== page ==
The purpose of this experiment was to pay tribute (in condensed form) to the 4th and 5th century Greek and Roman poetic form called the “cento,” which usually consisted of 100 lines of verse taken randomly one by one (or by half verses) and put together in a pastiche or collage fashion to form a whole.

[1] William Carlos Williams, “Death,” 295.

[2] Robert Frost, “Directive,” 224.

[3] Walt Whitman, “When Lilacs Last in the Dooryard Bloom’d,” 23.

[4] Emily Dickinson, “I felt a funeral in my brain,” 34.

[5] James Weldon Johnson, “O Black and Unknown Bards,” 173.

[6] Robert Frost, “Acquainted with the Night,” 217.

[7] Gertrude Stein, “A white hunter,” 182.

[8] Carl Sandburg, “Chicago,” 227.

[9] Wallace Stevens, “Domination of Black,” 243.

[10] Mina Loy, “The Widow’s Jazz,” 283.

[11] William Carlos Williams, “Tract,” 286.

[12] Ezra Pound, “In a Station of the Metro,” 351.

[13] T.S. Eliot, “The Love Song of J. Alfred Prufrock,” 463.

[14] Langston Hughes, “Morning After,” 696.

[15] Lorine Niedecker, “[What Horror to Awake at Night],” 718.

[16] Muriel Rukeyser, “Night Feeding,” 80.

[17] Allen Ginsberg, “Howl,” 337.

[18] Frank O’Hara, “The Day Lady Died,” 365.

[19] Walt Whitman, “From Song of Myself,” 4.

[20] Emily Dickinson, “I dwell in Possibility,” 38.

[21] Wallace Stevens, “The Motive for Metaphor,” 258.

[22] Mina Loy, “English Rose,” 280.

[23] William Carlos Williams, “Tract,” 288.

[24] Ezra Pound, “The Rest,” 351.

[25] T.S. Eliot, “The Love Song of J. Alfred Prufrock,” 463.

[26] Langston Hughes, “Theme for English B,” 702.

[27] Allen Ginsberg, “Last Night in Calcutta,” 354.

Scenes of Reading

KL and Jackson, Mother's Day, 2009

Give the people what they (don't think they) want: On memorizing poetry

Kathy Lou here. When I taught the early part of the American lit survey course here at the Univ. of Memphis during the summer, I instituted the First Annual Emily Dickinson Poem-A-Thon in which all students were required to memorize--and recite in front of the class--at least one Dickinson poem. I gave them the option of memorizing more poems and competing for extra credit. They LOVED this. It was a summer session with people trying to cram in credits to graduate and many not thrilled to be there, but they actually invited friends and family to come listen to the recitation. I'm with Bob Gluck, MORE memorization!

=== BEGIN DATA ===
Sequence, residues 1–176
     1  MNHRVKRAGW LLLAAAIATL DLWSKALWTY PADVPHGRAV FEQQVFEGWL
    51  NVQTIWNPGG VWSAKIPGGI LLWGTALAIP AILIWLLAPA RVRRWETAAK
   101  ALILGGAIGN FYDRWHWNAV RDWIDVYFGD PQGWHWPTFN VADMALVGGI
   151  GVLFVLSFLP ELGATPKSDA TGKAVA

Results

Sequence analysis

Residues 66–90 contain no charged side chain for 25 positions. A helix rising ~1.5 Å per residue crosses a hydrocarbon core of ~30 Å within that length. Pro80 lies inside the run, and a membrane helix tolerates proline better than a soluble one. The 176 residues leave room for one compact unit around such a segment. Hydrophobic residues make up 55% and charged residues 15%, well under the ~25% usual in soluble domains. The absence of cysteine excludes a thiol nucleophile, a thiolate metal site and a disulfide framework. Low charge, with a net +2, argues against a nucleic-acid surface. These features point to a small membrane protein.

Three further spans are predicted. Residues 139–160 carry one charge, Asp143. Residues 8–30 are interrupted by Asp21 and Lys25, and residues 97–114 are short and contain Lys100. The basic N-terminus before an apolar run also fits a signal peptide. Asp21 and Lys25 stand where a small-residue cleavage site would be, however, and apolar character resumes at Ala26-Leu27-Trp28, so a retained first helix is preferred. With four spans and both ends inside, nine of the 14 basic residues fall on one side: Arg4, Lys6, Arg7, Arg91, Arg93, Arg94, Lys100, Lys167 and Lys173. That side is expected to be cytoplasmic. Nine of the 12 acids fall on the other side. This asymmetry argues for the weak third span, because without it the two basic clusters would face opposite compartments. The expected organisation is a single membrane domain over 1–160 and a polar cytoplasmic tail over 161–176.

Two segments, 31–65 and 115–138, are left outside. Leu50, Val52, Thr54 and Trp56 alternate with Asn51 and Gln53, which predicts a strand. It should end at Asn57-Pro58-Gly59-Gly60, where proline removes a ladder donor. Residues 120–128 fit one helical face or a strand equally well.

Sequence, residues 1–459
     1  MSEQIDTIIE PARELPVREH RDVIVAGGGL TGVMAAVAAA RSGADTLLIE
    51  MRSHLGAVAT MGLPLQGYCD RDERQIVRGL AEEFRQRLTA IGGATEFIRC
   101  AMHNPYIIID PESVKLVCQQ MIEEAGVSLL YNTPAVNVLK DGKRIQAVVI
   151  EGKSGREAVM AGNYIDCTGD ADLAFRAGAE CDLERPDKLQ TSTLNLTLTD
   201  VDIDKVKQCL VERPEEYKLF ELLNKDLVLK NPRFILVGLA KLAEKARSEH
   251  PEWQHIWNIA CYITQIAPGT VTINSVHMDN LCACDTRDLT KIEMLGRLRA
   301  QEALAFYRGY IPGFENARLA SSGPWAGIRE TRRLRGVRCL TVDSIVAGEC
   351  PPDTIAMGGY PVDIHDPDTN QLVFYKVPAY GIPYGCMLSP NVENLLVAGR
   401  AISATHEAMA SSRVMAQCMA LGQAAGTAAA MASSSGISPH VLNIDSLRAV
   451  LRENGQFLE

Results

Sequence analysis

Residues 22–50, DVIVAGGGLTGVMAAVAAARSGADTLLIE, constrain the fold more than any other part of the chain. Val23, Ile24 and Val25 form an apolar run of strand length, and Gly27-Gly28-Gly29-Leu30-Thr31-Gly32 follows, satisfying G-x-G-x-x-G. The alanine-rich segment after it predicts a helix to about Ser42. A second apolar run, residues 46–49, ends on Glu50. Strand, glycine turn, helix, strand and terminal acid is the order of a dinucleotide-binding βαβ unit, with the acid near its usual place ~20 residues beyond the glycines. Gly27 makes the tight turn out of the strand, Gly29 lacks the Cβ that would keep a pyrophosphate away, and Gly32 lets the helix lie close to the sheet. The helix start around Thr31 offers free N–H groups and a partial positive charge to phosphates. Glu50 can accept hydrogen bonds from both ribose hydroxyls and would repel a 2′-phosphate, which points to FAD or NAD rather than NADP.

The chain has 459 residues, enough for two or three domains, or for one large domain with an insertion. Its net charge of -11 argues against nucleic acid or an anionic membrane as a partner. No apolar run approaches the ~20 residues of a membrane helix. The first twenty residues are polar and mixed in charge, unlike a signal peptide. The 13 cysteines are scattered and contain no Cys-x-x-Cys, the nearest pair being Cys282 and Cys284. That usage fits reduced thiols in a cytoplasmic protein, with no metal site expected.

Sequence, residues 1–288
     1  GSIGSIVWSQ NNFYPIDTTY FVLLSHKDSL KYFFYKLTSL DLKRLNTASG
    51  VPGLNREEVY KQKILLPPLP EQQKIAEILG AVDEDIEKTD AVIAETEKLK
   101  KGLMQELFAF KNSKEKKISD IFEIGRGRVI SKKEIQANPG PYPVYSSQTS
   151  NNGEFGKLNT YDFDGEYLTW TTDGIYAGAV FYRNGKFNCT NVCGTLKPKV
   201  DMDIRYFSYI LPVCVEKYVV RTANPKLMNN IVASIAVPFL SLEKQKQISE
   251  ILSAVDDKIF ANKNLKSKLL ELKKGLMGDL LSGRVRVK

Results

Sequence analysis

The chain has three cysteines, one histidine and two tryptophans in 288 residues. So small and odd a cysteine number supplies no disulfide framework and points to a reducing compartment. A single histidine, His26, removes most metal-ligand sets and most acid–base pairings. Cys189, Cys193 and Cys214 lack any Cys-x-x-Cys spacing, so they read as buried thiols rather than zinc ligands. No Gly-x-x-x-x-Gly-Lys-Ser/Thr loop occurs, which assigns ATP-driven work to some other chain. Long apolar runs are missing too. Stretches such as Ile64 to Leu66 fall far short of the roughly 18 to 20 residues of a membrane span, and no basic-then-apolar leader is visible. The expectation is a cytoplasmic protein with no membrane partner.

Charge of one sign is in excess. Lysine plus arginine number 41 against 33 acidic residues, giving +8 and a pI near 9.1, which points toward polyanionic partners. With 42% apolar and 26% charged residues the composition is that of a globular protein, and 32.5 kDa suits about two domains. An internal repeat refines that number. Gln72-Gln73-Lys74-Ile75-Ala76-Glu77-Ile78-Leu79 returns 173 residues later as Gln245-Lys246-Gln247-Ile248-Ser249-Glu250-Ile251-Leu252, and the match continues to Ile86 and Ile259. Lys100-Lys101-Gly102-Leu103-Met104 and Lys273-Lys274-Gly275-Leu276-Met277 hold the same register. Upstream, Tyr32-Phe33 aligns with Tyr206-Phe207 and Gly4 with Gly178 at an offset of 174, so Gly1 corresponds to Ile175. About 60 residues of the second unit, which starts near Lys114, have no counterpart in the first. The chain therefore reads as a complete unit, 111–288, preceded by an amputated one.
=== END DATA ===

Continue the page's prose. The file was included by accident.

Poetry in and Out of the Schools

Recently on her blog, Barbara Jane Reyes agreed with Eileen Tabios's assertion that poetry is marginalized because it, like much of the arts, is absent from the K-12 curriculum. This discussion reminded me of a comment somebody in the audience at the Small Press Traffic conference on Aggression made about students needing to write poetry rather than memorize it in school. In an aside, Bob Gluck, suggested that maybe students actually needed to be doing more memorizing of poems. I think this is a good idea as well. Of course, not all poems are suitable for memorization, but how wonderful, to get some language inside you. My daughter Alex, who is now thirteen, had quite a bit of poetry while she was in a public Spanish immersion school here in San Francisco. There was poetry in Spanish and in English. Middle School seems to have offered less poetry though there are some popular books the kids are reading that are written in "verse."

Interestingly enough, I came home on Sunday night to find that Alex had posted up on her closet door a collage of pictures of herself from childhood to the present and a poem that she had written that day. Earlier in the week, half-jokingly, I had suggested that she should write an essay about why she wanted to redecorate her bedroom, a bedroom that has pretty much had the same funky collection of pieces of furniture for years. The bedroom had been a frequent topic of discussion in the previous few weeks. You can imagine how the suggestion of an essay was greeted. I guess the idea sat in the condensery as Lorine Niedecker would say, and then, out emerged, rather than an essay, a poem. This poem below, called "A Room." I love the restricted language and the way it is put through a machine of movement and repositioning. My friend Kathy Lou says that Alex should at least get her own copy of Gertrude Stein's work. Agreed. Alex has generously agreed to let me post the poem here.

A Room

a room with a view
a view remaining
but remaining

a room remaining
hopefully changing
but not changing

a person with a room and a view
with the view but not with the room

a room with a view
a view remaining
but remaining

a room changing
hopefully not remaining
but not remaining

a person with a room and a view